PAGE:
Oil analysts have cut their 2017 crude price forecasts for a sixth straight month in July, citing concerns over compliance with an OPEC-led deal to limit production that could dampen the market's attempt to rebalance.
The Organization of the Petroleum Exporting Countries and partners including Russia have agreed to reduce output by about 1.8 million barrels per day (bpd) until March 2018.
"OPEC's compliance is expected to remain under pressure over the coming months as skepticism grows over the pace of market rebalancing, despite actions taken by the cartel and some non-OPEC countries," said Abhishek Kumar, senior energy analyst at Interfax Energy's Global Gas Analytics in London.
Adherence to the deal was high in the first half of the year, but the International Energy Agency's latest report showed compliance fell to 78 percent in June from 95 percent in May, as several members pumped much more oil than agreed upon.
Saudi Arabia, Angola and Kuwait have shouldered the largest cuts.
OPEC member Ecuador has opted out of the deal and said it plans to gradually raise output. Analysts agree the impact on overall supply is likely to be small, but the move could hurt market sentiment.
"The longer prices remain low, the greater the risk is that some OPEC countries will no longer comply with the production cuts as strictly as they have been doing so far," Commerzbank analyst Carsten Fritsch said.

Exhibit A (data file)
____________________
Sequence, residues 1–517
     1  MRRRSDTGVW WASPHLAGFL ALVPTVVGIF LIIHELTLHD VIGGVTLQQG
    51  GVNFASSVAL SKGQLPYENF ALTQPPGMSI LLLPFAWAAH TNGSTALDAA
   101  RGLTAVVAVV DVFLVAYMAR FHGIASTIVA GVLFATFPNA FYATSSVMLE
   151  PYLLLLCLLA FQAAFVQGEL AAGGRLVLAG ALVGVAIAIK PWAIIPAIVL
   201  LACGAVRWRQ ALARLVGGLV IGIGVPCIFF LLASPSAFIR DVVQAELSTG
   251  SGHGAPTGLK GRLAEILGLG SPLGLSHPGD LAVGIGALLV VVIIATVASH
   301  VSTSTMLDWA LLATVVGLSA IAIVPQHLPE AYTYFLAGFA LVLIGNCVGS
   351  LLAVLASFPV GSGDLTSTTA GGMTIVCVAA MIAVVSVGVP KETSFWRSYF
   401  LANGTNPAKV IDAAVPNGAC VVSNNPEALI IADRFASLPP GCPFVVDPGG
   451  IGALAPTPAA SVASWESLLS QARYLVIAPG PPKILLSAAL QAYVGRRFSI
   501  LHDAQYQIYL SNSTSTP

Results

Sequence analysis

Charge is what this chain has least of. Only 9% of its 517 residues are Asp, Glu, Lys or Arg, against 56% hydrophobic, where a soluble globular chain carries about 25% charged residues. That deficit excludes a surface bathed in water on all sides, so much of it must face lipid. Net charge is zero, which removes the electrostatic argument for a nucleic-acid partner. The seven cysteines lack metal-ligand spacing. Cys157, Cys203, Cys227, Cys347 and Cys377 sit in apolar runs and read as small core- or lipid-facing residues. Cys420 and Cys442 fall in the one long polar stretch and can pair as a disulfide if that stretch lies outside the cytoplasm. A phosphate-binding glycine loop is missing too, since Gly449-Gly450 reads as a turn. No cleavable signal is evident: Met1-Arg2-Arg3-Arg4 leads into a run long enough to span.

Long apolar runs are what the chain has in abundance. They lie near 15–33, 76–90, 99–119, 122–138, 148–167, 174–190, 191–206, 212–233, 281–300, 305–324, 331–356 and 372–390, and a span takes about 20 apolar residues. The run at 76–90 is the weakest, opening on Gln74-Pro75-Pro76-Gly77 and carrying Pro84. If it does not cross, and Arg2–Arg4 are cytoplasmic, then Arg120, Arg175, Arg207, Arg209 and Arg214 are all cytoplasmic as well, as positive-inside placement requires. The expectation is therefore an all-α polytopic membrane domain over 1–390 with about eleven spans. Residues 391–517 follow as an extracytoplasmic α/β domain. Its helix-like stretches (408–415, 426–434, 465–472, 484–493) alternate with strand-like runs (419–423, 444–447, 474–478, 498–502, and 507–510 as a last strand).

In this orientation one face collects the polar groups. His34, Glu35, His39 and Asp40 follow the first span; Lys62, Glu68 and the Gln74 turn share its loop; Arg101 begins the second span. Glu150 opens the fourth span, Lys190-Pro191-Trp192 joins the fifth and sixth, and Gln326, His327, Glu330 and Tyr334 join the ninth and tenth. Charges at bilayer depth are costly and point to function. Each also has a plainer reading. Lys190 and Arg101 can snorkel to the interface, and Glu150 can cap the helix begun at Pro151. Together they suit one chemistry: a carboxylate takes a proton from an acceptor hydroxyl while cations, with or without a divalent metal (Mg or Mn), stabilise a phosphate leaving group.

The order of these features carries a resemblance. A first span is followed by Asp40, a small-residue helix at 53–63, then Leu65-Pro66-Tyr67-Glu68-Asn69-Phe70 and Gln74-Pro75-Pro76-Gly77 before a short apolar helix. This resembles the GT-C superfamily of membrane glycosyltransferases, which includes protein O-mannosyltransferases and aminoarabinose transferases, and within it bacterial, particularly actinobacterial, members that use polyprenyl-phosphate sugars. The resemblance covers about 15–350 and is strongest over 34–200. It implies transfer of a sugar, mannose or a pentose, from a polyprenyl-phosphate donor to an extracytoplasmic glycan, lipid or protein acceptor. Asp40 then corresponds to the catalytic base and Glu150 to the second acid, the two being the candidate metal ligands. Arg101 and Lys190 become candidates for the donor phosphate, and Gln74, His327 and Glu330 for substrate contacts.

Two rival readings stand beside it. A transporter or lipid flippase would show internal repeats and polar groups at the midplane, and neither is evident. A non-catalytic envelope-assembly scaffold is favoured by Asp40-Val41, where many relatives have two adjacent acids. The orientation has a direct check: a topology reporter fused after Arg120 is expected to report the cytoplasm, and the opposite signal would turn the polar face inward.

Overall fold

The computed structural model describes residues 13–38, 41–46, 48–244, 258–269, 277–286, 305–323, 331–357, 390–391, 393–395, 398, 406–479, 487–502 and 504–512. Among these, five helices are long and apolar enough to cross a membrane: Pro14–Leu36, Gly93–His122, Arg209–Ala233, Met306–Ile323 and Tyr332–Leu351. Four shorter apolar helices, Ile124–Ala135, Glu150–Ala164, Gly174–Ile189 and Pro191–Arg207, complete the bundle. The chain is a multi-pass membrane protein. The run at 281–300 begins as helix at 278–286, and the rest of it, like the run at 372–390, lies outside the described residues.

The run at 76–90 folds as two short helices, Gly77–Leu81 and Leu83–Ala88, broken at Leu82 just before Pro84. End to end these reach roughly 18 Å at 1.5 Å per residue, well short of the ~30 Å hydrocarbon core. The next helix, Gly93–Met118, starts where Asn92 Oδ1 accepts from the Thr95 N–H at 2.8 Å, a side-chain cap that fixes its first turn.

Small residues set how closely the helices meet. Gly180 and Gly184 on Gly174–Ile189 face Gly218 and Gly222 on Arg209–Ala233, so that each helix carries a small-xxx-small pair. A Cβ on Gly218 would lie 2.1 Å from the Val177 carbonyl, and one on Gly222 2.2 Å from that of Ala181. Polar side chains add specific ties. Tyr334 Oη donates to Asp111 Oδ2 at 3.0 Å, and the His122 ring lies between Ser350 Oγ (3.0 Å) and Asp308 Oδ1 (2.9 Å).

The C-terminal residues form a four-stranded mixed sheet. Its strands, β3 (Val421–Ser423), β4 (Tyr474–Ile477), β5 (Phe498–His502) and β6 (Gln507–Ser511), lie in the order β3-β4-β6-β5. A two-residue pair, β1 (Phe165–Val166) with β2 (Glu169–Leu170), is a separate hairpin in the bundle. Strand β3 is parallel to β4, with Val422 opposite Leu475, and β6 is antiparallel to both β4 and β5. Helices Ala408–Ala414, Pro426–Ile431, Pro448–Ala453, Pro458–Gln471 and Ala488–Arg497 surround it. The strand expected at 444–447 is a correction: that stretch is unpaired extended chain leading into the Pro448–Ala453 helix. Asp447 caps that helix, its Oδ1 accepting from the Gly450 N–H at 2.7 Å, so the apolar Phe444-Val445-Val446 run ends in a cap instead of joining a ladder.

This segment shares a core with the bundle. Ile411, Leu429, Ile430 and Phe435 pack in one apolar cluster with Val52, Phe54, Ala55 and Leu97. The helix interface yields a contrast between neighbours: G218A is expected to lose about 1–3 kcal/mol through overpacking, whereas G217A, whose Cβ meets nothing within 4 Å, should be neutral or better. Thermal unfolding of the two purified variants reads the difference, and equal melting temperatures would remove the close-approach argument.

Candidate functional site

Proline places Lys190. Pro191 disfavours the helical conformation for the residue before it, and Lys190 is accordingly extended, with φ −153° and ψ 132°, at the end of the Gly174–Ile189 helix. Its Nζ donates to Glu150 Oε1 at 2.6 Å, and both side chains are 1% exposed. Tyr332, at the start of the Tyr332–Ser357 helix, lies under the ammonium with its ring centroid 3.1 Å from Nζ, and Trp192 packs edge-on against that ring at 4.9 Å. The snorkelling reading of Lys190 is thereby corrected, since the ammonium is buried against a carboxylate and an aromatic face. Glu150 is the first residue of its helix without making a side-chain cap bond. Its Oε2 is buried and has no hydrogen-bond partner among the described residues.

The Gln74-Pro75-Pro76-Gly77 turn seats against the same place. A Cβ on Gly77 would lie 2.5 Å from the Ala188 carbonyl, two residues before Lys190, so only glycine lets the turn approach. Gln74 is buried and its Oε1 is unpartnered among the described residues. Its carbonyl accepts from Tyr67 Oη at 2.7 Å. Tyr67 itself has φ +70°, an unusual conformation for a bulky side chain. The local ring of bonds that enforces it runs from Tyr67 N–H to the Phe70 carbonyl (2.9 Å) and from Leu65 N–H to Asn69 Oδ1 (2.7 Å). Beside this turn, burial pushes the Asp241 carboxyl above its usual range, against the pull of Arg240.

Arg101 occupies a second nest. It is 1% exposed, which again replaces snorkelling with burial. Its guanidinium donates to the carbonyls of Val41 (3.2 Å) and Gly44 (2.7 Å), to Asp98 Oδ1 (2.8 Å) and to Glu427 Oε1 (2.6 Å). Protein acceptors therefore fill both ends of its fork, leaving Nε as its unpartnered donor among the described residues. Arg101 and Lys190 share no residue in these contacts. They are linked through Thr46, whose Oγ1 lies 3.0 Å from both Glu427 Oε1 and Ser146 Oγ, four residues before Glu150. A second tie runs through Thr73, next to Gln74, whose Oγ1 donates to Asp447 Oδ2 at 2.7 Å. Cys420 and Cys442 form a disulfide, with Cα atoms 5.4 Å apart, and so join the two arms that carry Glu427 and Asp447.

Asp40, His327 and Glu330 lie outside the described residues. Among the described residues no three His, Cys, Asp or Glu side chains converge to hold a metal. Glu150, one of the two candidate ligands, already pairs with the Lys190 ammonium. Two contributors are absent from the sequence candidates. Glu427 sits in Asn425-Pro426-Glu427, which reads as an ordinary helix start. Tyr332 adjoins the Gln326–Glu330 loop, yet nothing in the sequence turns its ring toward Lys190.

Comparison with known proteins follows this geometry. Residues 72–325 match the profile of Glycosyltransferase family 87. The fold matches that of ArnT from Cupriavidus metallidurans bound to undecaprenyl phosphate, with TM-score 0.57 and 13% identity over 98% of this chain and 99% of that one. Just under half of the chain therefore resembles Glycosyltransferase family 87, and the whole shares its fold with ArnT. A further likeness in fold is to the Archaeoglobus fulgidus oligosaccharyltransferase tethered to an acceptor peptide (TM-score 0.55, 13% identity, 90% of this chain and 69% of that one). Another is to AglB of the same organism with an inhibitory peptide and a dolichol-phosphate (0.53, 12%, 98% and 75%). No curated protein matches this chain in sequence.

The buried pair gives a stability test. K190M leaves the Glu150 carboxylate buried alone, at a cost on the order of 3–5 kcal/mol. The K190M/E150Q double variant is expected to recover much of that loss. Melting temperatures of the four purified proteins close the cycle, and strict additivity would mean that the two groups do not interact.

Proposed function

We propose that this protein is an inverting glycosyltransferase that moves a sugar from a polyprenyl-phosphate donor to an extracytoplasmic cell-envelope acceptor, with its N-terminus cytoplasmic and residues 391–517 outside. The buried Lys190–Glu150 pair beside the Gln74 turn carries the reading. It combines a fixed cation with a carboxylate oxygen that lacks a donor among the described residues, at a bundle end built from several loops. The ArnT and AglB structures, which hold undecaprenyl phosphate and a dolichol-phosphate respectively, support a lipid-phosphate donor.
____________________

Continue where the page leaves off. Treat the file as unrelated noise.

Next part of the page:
Following Ecuador's announcement, Saudi Arabia pledged to cut exports in August, when domestic Saudi energy consumption is close to its highest.
"OPEC was swift to reaffirm its commitment in the production deal after Ecuador's announcement. The group vowed to tackle low compliance among its members, although it remains unclear how. Saudi Arabia continues to lift most of the weight of the cuts," said Giorgos Beleris, analyst at Thomson Reuters Oil Research and Forecasts.
The survey of 33 analysts and economists showed Brent crude would average US$52.45 per barrel in 2017, below the US$53.96 per barrel forecast in June.
Brent has averaged about US$52.12 in 2017.
The poll forecast U.S. light crude would average US$50.08 a barrel in 2017, down from US$51.92 in June's forecast.
Analysts also lowered their price outlook for 2018.
Brent is now seen averaging US$54.51 per barrel, down from US$57.37 in the June poll. WTI is seen at US$51.88, down from US$55.20 in June.
While oil demand is seen picking up in the second half of 2017 thanks to stronger global economic growth, the supply picture still remains unclear, despite a recent drawdown in U.S. inventories.
Geopolitical risks in the Middle East, instability in Libya and an escalating crisis in Venezuela including possible sanctions from the United States are some of the factors that could impact the market this year, analysts said.
"The simple truth is that OPEC and Russia have to contend with the fact that there is output growth elsewhere diluting their efforts at reducing supply. Nigeria, Libya and U.S. shale oil feature prominently as an offset to OPEC's efforts," BNP Paribas analyst Harry Tchilinguirian said.
A few analysts expect the market to show a narrow deficit by the end of the year if OPEC sticks to its supply deal and U.S. shale producers moderate their pace of drilling. Others believe the rebalancing could be pushed into next year.